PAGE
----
What do we know about people who have and have not already voted?

Our survey shows large differences across the three states in the proportion of voters who report having already voted, although Biden leads among these voters in all three states.

In Michigan, 44 percent report having already voted, compared with 41 percent in Wisconsin but only 22 percent in Pennsylvania. In each state, the vast majority report voting by mail, with the rest voting early in person. Among early voters, Biden leads by a large margin: 75-23 in Michigan, 73-26 in Wisconsin, and 87-9 in Pennsylvania.

Among those who haven’t voted, Biden has a large lead among those who plan to vote by mail but a smaller lead among those who plan to vote early in person. For example, in Michigan, Biden leads 65-29 among the 13 percent who haven’t yet but still intend to vote by mail, and 58-42 among the 4 percent who intend to vote in person before Election Day.

But Biden trails badly among those who plan to vote in person on Election Day. In Michigan, 40 percent plan to vote in this way, and Biden trails 23-68. Biden faces similar numbers in Wisconsin. In Pennsylvania Biden is losing by a similar margin (31-67) but a much larger share of likely voters (57 percent) plan to vote in person on Election Day.

Thus, Trump’s best prospect among these three states appears to be Pennsylvania. It has the narrowest margin in our survey and polling averages, and only 22 percent of likely voters report having already voted.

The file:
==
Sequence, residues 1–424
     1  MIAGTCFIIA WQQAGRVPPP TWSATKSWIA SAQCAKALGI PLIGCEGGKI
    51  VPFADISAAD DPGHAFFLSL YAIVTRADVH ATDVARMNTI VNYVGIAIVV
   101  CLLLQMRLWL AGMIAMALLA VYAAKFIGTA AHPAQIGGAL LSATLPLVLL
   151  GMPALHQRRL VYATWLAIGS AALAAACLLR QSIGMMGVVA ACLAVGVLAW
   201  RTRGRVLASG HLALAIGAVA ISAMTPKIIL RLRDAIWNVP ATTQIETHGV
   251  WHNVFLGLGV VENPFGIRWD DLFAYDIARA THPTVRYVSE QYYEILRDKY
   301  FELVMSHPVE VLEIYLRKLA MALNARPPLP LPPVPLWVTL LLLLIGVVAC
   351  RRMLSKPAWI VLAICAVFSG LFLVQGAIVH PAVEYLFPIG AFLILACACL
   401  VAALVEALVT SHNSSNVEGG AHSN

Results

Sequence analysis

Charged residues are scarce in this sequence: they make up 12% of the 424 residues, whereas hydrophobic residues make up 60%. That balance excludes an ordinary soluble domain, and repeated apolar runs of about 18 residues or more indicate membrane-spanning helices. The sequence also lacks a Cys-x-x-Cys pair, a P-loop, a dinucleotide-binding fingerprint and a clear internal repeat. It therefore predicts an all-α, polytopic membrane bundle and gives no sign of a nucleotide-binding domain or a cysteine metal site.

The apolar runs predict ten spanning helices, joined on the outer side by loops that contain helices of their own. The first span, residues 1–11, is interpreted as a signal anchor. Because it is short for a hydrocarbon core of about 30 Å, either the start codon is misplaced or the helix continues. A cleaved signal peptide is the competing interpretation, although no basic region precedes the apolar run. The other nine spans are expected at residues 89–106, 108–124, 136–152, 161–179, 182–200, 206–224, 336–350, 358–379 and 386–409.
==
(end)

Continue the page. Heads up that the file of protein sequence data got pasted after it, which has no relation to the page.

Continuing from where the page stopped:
What question marks remain?

Two issues make it hard to predict the ultimate outcome. First, there is added uncertainty about whether all mail ballots will be counted. On Monday evening, the Supreme Court’s conservative majority struck down a Wisconsin measure that would extend the period for counting ballots that were postmarked by Election Day but arrived later. This could affect the six percent of Wisconsin likely voters who plan to vote by mail but haven’t yet.

A similar issue may arise in Pennsylvania. Right now, ballots received within three days of Election Day will be counted. But Republicans are pushing the Supreme Court to revisit an earlier case in which the court deadlocked 4-4, allowing the three-day grace period to stand. Biden leads 70-26 among the 13 percent of Pennsylvanians who still plan intend to vote by mail.

Finally, many states, and especially Wisconsin, are facing a severe covid-19 outbreak. This could make Biden’s lead in early voting especially advantageous if the outbreak dissuades some voters from showing up to vote in person, or drives some voters away from Trump. But ultimately, it is hard to know. Trump’s 2016 victory was hardly expected and certainly this year’s polling, including ours, cannot rule out another surprise, however unlikely it may be.

Eleanor Neff Powell is Booth Fowler Associate Professor of Political Science at the University of Wisconsin-Madison.